Wish you were here

Humans are wired to be at the same campfire.

Geoff Wilson

We are seeing a lot of consternation in companies these days around the topic of remote work and so-called “back to the office” movements.  Remote work among knowledge workers has been a viable topic for decades, but really came into its own when “everybody” in a knowledge-work role suddenly had to be remote during the COVID pandemic.

Such a mass adjustment to norms came with a lot of warm, fuzzy feelings about how effective people can be while working remotely with today’s tools.  Indeed, for the first months of the pandemic, the effectiveness of remote work was one of the few areas of general consensus in an otherwise uncertain environment.

But what has followed has been mixed, at best.  It slowly began to surface that “cheating” was happening if not common. Some people took advantage of remote work to work multiple “full-time” jobs.

On the other side, many business functions actually became more productive in a remote environment.  When we consider certain business functions as essentially piecework, we can see a great advantage to sending piecework back into the cottages. A worker charged with auditing accounts isn’t likely to be any more or less effective at such an individual activity while doing it with the same tools remotely. And, they don’t have to commute.

But this post isn’t about cheating, or managing, or outright fraud (which you are if you aren’t telling your multiple employers that you are overcommitted…but I digress).

This post is about culture.

Humans are strange animals.  We are tribal by nature.  We operate in a cognitive fog of trust, and love, and social proof, and mutual support.  We work for the common good in small groups. We become self-involved and selfish in large groups. We care less as social distance increases.

Such is the reality of the human condition.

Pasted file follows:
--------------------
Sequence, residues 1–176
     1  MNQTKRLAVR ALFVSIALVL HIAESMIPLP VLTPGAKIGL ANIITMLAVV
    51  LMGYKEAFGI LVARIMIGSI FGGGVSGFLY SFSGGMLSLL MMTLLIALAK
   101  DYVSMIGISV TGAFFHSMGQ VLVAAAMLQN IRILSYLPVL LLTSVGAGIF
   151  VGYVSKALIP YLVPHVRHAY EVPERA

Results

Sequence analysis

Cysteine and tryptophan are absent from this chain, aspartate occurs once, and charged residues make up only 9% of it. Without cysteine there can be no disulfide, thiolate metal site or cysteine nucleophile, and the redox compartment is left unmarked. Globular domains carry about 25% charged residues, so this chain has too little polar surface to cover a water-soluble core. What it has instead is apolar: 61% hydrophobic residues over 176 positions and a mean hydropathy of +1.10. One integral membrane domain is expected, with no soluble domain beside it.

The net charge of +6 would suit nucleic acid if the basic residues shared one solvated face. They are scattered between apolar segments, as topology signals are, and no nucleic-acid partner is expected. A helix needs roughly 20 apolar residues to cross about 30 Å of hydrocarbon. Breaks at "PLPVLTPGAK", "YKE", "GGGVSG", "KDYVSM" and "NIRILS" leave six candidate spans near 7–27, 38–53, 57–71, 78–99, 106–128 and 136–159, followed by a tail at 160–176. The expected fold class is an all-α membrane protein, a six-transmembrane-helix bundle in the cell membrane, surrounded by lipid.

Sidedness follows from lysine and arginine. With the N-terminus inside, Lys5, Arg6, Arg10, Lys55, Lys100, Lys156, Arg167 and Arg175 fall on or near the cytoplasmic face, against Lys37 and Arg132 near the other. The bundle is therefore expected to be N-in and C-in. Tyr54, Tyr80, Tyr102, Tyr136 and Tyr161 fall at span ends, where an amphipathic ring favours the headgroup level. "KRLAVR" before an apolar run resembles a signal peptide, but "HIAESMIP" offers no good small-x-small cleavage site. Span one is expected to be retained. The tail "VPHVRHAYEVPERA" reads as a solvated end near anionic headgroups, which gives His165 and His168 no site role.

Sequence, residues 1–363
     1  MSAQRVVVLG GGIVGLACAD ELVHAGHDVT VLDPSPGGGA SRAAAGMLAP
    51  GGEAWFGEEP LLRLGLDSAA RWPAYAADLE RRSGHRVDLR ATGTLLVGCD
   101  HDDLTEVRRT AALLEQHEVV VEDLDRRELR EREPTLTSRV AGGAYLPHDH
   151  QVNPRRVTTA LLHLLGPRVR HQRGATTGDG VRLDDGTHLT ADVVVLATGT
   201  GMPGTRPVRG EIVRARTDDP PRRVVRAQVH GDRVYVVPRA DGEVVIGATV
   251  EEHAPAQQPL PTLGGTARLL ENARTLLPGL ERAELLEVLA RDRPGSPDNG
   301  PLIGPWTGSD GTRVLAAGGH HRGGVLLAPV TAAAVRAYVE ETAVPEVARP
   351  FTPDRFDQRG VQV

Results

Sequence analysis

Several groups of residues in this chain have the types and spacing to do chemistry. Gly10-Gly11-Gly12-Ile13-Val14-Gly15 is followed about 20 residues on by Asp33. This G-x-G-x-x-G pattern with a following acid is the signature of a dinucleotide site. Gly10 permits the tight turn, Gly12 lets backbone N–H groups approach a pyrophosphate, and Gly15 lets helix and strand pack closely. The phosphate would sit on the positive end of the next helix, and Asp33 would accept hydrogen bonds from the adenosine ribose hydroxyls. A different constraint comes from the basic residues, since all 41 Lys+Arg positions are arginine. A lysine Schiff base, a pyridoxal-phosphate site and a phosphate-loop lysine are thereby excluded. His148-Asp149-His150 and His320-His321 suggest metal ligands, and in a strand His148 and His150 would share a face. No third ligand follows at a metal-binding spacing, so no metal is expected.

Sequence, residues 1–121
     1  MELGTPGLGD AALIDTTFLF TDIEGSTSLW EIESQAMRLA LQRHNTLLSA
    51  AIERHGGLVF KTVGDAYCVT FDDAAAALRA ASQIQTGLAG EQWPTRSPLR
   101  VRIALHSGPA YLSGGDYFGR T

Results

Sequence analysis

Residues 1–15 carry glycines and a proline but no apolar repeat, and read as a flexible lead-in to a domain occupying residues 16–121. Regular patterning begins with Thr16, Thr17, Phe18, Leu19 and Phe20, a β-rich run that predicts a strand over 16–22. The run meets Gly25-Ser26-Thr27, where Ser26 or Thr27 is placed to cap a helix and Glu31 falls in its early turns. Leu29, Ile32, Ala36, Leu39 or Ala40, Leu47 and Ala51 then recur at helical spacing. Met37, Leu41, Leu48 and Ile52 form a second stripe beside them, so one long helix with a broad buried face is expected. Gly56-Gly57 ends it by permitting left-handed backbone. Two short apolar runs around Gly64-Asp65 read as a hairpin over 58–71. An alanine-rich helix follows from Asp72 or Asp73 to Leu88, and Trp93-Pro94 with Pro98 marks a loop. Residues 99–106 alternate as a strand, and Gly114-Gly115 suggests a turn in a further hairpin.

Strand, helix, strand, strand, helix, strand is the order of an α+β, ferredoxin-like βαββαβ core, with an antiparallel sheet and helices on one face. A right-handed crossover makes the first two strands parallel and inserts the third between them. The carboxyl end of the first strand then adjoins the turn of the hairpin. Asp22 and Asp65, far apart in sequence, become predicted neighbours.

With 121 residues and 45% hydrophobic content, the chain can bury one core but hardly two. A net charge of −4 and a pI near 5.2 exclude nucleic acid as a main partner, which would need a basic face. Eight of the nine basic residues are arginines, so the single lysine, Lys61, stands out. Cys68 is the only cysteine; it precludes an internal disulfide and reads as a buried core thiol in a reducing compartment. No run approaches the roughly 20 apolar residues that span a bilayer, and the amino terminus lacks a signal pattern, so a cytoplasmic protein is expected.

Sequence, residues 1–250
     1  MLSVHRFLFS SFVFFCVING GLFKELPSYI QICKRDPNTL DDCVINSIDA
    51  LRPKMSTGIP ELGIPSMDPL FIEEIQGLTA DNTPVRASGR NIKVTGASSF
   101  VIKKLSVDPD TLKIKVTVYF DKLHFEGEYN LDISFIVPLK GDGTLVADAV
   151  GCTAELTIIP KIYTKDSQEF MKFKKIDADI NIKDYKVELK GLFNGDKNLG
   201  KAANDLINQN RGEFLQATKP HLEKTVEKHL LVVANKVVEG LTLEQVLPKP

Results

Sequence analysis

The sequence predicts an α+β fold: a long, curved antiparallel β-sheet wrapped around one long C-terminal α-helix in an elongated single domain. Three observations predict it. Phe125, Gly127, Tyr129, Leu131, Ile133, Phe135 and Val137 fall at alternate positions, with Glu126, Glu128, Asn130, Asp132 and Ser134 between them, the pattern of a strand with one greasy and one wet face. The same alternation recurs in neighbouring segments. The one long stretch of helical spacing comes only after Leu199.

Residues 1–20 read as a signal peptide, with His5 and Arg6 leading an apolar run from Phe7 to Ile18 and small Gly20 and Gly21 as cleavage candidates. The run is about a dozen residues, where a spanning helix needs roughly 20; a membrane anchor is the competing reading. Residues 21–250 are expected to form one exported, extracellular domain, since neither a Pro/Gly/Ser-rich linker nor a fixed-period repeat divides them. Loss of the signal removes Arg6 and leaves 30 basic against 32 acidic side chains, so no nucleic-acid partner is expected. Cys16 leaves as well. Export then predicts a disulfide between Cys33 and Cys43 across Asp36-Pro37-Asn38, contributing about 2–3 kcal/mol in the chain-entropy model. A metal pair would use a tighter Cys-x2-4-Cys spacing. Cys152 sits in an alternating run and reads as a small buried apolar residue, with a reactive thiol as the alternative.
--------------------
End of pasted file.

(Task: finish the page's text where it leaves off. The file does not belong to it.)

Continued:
And, we depend on actual…interpersonal assessments of these social aspects to form culture.  So-called “social cues” are tremendously important to establishing social consistency.

No matter how much we adjust to the amazing tools and technologies intermediating our remote lives–and I for one am fond of telling people I am remotely kicking them under the table, for instance–we can’t replace the whole-bodied experience of being there IRL (that’s “in real life” for you Gen X’ers like me).

Remote culture-building removes almost all of this. It’s reductive to a face on a screen or–worse–a disembodied voice.  It’s fully intermediated by technology.  And, it largely eliminates serendipity.  All of these things, disembodiment (“is he actually listening?”), intermediation (“you’re on mute” and “sorry you’re breaking up”), and lack of serendipity (“this meeting ends in 5 minutes”) can combine to completely distort culture.

All of this is to say two things:  No matter how much you try to engineer culture in a remote environment, you will fail if you are trying to engineer the same culture you would have had in an in-person environment. And, human cultures are fundamentally in-person.

Yes, that’s right, you’d better change your expectations if you are going to “stay remote.”

We are wired to be around a campfire.  We are wired to hunt and gather and dine together and engage in small talk while working in the fields or while stalking dinner.  We are wired to hear and feel and see and…smell each other as humans without some “greater power” interceding or masking our own often already-masked and insecure presences.

Your culture CAN survive being remote. But, the deeper human aspects will erode with a sort of half-life.  I have no idea how truly fast-paced cultures like the large consulting firm I was a member of for years could even survive for a few months in a virtual work environment.  So much of that type of culture is conveyed “in the team room” and the workforce turns over so quickly that culture can be shattered in a matter of months if extreme care isn’t taken.

If your company is slower moving and has less turnover, people will still remember. But remembrances fade.

As somebody who struggles mightily to ensure enough alone time in a life that rarely affords it, I can tell you that being “in-person” is not an all-the-time thing.  But it is a critical aspect of building warm, supportive, team-based cultures. And, warm, supportive, team-based cultures will be very important in a future where most any truly remote-piecework style jobs are likely to be automated.